3 Ways to Reduce Your Waste

Thu, 25 Apr 2019


Global waste is expected to increase by 70% by 2050 due to rapid urbanisation and population growth, according to the World Bank report 2018. Singapore, being a small island with limited land space and growing population, requires a cost effective waste management system, to ensure optimal quality of life and community health.

Germany has the highest recycling rate in the world today. Producers are required to pay for the waste they produce, which has successfully increased recycling rates from 3% in 1991 to 56.1% in 2018.

The Singapore Environment Council (SEC) reported in 2018 that 70% of people in Singapore do not know what types of plastics they are able to recycle, resulting in plastic going into our landfills and incinerators instead. Clearly, awareness campaigns around recycling could help educated and spur action towards efficient household and consumer waste management.

The National Environment Agency (NEA) has proposed pay as you throw campaign for residents, in order to limit household waste, and encourage the habit of recycling. ZeroWasteSG provides educational talks and programmes on minimise waste and highlight the importance of recycling. You know those blue recycling bins around your HDB? They are from ZeroWasteSG & NEA’s Let’s Recycle Together campaign, which encourages households to contribute our efforts for a better environment.


The 3Rs - Reduce, Reuse, Recycle are the core principles for managing waste, and easy to adopt into every lifestyle. Read on to see how you can use the 3Rs and reduce your daily waste.


  1. Reduce - some ways you can minimise waste:

    1. Pack your lunch

It is estimated that around 500 years is needed to degrade styrofoam food boxes and cups. Imagine how many food containers and cups you could reduce each week by bringing your lunch from home. If you don’t have time to prepare your lunch, Revolv, a newly launched container rental service allows you to have your takeaway meals and drinks in stainless steel containers, by leaving a deposit for the containers. Your deposit is returned once you return the containers to their drop off point.


    1. Say no to single use plastic bags

Plastic bags can take around one thousand to degrade. Around 820 million plastic bags are used among Singaporean shoppers each year. The One Less Plastic campaign is an initiative involving four supermarket chains, which encourages shoppers to bring their own reusable bags. The aim is to reduce our nation’s plastic use by 25%. How many single use plastic bags do you use in a week?



    1. Reduce food waste

Most of the food waste occurs due to food spoilage. Keep your fridge clutter free by following the FIFO (First-In-First-Out) rule, to prevent food being hidden and forgotten at the back of your fridge. Take some time over your weekend to use any foods that have been in your fridge over a week. This small step not only reduces waste, it also gives you a happy belly and happy pocket!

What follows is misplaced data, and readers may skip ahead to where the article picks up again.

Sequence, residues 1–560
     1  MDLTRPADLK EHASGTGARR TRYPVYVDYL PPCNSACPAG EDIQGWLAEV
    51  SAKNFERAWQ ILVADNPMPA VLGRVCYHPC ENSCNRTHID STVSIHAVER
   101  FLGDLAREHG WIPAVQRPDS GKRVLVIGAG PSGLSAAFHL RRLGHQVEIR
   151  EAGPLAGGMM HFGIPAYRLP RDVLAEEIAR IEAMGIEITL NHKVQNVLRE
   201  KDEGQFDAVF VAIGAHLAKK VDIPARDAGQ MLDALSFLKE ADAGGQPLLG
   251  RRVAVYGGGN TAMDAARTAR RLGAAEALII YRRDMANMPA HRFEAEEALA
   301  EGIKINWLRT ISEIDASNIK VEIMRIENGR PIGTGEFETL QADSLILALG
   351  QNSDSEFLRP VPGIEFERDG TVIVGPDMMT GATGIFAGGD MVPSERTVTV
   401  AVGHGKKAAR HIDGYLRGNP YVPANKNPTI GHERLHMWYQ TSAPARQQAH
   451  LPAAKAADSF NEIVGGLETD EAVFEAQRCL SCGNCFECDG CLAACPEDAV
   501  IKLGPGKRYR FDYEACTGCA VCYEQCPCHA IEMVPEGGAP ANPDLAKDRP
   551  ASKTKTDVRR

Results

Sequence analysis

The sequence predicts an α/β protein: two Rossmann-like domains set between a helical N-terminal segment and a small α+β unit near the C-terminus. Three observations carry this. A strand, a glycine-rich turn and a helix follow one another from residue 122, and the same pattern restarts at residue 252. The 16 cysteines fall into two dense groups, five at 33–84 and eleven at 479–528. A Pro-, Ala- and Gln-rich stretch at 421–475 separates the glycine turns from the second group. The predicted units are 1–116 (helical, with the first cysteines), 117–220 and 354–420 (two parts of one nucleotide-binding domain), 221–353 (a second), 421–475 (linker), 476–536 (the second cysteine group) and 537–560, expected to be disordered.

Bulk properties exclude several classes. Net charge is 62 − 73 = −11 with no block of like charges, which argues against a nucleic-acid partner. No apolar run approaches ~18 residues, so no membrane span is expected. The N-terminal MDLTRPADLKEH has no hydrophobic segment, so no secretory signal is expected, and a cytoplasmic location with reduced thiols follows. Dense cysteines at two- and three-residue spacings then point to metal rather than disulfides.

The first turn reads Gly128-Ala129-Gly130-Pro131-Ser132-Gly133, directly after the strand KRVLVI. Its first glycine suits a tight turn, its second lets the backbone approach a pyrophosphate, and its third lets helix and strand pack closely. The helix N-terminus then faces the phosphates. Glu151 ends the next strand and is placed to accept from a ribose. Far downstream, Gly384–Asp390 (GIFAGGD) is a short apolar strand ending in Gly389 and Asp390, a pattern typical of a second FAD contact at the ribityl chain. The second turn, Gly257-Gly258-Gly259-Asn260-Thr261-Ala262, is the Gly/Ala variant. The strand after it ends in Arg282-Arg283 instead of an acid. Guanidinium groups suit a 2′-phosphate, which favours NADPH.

2. Reuse

Pass on your pre-loved items

Give your pre-loved clothes, books, gadgets, etc, to those around you, or to charity. Carousell is a great platform for passing on or selling items that no longer spark joy for you.

Repair before rebuying 

Many household items are thrown out and replaced way before their lifespan is up. Consider repairing what you already have, before buying a new one.

Upcycle

Give objects a second life. Repurposing a pretty gift box into a stationary holder, an egg carton into a seedling planter, or a glass jam jar into a candle holder, are some ways you can reuse what you have, and avoid waste.


3. Recycle

  1. Turn your trash to cash

To encourage more recycling by making it convenient, recycling vending machines may be popping up in food courts, shopping malls, and office buildings in coming years. You can receive cash or coupons for food and drinks in exchange for your empty cans and plastic bottles.

b. Save paper, save our trees

Recycled paper uses less energy and resources to produce, hence more environmentally friendly compared to new paper products. Keep in mind that not all the paper is suitable for recycling. For example, napkins that have been used to clean food grease cannot be recycled. Reducing your use of paper products, such as tissues, napkins and wet wipes, is the best way to minimise waste.


C. Know your plastics

If you’re unsure what plastics can be recycled, have a look at this list from NEA that explains how to differentiate recyclable items. For example, plastic disposables, straw and plastic packaging with foil cannot be used recycled.


There are many ways for you to contribute to efficient waste management. We should take minimising waste seriously, to preserve this beautiful island we call home.

 Written by
 Alice Ong
 Pharmacist and formulator. Passionate about making a difference in healthcare and personal  wellness through nutrition.
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